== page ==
Latino Community Hardest Hit By Pandemic, Study Shows

Pepperdine economist Dr. Luisa Blanco

The Pepperdine University School of Public Policy has released a study confirming what was widely speculated: COVID-19 has hit the Latino community in California the hardest in just about every aspect possible.

Since March 2020, according to state data, Latinos have accounted for 56 percent of all COVID-19 cases and 46 percent of virus-related deaths in California. These disproportionate numbers are attributed to a number of factors working against the community. This includes already-existing racial and ethnic disparities such as a lack of access to health insurance, health disposition, close living conditions, higher unemployment rates and greater prevalence of jobs that do not allow for remote work. These factors created a “perfect storm” cited by the study for Latinos to experience a higher morbidity rate during the pandemic in comparison to other groups, confirming Latinos are more likely to contract and die from the virus.

The study, titled, “Financial Stress Among Latino Adults in California During COVID-19,” which took place in the fall of 2020, recruited 84 low- and moderate-income Latino adults through the Understanding America Study and Mobile Financial Diaries project. Most participants were U.S. citizens, English-speakers with health insurance and high levels of education. 

“When the lockdowns took place in March of 2020, many Latinos experienced job losses or became sole providers for their families, which significantly decreased their spending for basic needs such as food and housing and increased their debt,” the study’s lead author, Dr. Luisa Blanco, a professor of public policy at Pepperdine, explained. Hit even harder in this group were women. The study identified that Latinas, who reported having to stay home with children and family members more than males, accounted for the largest rates of unemployment. The study notes that in 2019 and 2020, on average, unemployment in California was highest among Latinas with an increase of 7.4 percentage points followed by a 7.1-percentage-point increase among African American men.

“Latinas represent the largest drop in California’s labor force as a result of the pandemic,” Blanco said. “The need to care for children and other responsibilities drew them away from work and caused their income to become disproportionately affected. Many households went without a second income, which resulted in an increase in debt and, consequently, more stress, anxiety and depression.”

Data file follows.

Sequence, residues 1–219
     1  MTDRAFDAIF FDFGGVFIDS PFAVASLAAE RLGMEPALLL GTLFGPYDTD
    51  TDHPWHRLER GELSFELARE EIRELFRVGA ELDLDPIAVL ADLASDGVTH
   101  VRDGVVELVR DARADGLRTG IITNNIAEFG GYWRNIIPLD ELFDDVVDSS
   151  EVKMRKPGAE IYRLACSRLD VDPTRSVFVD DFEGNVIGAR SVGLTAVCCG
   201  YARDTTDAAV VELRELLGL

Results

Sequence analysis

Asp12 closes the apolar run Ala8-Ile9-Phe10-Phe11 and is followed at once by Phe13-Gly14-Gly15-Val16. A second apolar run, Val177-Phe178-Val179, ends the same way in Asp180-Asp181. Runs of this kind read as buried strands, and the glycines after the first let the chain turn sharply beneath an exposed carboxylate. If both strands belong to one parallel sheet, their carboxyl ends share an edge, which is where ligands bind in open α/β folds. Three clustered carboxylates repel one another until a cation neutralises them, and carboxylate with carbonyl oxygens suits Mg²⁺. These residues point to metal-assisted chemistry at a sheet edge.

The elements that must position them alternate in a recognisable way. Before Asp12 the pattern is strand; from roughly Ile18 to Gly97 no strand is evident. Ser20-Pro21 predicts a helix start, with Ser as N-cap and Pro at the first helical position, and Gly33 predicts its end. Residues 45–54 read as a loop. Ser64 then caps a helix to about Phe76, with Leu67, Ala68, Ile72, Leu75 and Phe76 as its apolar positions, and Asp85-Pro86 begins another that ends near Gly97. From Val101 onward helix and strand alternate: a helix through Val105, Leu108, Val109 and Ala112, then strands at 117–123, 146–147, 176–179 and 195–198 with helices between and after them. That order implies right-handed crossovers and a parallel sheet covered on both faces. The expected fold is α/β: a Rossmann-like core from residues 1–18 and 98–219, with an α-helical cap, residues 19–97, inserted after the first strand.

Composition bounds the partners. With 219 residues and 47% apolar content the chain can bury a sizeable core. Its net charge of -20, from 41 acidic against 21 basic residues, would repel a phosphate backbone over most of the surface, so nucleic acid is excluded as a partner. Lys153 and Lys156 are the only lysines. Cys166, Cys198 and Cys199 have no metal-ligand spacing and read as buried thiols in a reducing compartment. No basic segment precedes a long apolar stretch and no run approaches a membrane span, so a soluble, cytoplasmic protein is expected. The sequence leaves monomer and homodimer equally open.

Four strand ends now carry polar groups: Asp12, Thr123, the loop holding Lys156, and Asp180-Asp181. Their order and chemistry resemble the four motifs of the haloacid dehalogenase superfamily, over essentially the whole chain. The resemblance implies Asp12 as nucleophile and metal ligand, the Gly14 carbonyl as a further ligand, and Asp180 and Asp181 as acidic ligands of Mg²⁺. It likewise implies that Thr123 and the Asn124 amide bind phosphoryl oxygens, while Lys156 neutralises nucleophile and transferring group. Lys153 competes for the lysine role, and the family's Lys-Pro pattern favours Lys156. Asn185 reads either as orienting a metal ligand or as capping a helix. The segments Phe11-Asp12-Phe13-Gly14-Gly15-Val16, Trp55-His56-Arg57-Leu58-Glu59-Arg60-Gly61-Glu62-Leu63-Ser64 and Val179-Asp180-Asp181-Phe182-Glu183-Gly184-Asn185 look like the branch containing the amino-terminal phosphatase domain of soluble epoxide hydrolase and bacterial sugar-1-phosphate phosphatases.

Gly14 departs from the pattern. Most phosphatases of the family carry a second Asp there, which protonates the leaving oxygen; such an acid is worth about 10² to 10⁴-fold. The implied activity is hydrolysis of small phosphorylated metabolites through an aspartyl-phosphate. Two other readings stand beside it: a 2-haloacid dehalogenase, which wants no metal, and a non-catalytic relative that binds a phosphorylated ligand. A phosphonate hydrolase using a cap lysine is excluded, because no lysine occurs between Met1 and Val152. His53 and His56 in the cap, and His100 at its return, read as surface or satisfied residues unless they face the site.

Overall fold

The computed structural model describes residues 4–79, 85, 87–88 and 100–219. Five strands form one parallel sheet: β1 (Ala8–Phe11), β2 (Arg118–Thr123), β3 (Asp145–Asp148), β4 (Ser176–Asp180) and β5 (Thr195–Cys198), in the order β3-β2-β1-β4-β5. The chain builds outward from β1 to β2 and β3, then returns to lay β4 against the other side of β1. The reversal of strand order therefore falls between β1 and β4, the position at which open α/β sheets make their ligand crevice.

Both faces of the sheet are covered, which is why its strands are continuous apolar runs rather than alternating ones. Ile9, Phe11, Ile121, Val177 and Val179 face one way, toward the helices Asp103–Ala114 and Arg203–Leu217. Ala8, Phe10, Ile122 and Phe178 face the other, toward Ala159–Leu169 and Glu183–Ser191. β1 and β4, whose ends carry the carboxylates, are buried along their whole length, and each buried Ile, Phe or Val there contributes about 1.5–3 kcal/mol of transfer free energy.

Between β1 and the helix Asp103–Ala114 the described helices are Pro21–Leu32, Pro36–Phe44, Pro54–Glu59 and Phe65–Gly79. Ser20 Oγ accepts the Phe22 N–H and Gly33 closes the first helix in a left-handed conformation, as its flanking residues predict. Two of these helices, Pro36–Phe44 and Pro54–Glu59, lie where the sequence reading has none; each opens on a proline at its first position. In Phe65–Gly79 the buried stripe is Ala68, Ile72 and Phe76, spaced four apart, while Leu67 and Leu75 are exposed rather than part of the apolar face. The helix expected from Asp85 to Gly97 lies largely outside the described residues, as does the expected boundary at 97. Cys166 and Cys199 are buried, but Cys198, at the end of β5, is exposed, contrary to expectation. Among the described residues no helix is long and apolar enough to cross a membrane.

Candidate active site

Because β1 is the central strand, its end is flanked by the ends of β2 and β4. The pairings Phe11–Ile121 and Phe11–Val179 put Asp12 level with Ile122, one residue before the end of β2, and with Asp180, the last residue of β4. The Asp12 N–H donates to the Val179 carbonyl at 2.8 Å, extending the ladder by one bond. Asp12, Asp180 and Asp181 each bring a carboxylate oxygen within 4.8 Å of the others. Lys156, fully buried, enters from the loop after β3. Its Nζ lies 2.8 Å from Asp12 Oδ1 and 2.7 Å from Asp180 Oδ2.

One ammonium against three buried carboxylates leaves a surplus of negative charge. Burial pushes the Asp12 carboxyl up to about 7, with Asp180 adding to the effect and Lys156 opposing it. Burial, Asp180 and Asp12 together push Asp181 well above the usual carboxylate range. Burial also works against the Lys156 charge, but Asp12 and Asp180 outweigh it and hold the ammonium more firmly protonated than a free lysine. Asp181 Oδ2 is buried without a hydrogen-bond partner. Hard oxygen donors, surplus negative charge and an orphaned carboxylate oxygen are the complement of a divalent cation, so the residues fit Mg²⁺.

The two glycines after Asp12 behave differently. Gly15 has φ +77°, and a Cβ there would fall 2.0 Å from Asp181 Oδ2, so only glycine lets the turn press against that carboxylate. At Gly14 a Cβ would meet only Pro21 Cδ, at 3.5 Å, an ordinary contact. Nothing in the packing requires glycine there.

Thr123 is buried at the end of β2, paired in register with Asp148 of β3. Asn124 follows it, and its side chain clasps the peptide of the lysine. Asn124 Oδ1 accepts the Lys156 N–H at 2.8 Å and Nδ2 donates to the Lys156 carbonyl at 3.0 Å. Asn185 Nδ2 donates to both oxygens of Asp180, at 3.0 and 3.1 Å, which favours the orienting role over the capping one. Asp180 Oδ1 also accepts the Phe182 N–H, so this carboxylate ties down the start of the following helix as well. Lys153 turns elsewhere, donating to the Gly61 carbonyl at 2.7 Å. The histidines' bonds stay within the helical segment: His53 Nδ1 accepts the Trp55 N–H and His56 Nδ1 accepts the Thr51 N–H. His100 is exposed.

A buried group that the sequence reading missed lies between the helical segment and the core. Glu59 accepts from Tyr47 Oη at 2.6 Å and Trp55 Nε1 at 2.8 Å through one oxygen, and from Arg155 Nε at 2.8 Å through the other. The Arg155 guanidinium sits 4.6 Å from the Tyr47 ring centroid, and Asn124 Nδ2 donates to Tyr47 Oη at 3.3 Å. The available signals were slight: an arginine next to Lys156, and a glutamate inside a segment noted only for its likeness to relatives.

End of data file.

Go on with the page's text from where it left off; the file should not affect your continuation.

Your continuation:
Pandemic depression is a growing issue among the Latino population.

“We need a gentle approach to mental health services that will offer wellness check-ins and normalize the use of mental health services,” Blanco said about the issue. “Schools might be the best conduits since they are important institutions and provide critical support to many immigrant communities. This is the next step in COVID recovery—ensuring the wellbeing of the mental health of communities most impacted by the virus.”

Mental wellness is likely to be a continuing issue for many communities once COVID restrictions lift. The study predicted new stressors will emerge once more family members return to work. Researchers say families will face the struggle of current expenses in addition to paying debt accumulated during their unemployment. The stress will continue to run high as the pandemic and its effects on the economy linger. Among the recommendations, researchers say that a cross-sector collaboration between community organizations, schools and the Los Angeles County Department of Public Health is needed in order to develop effective wellness programs and eliminate stigma associated with mental health within Latino communities.

The study did not address the vaccination rate of Hispanics. In Los Angeles County, where they make up 49 percent of the population, the community has received just 28 percent of vaccine doses—though it is notable the Latino demographic skews materially younger than the white population.

Here in Malibu, demographic data about the nearly 400 local virus victims was not available from the LA County Department of Public Health.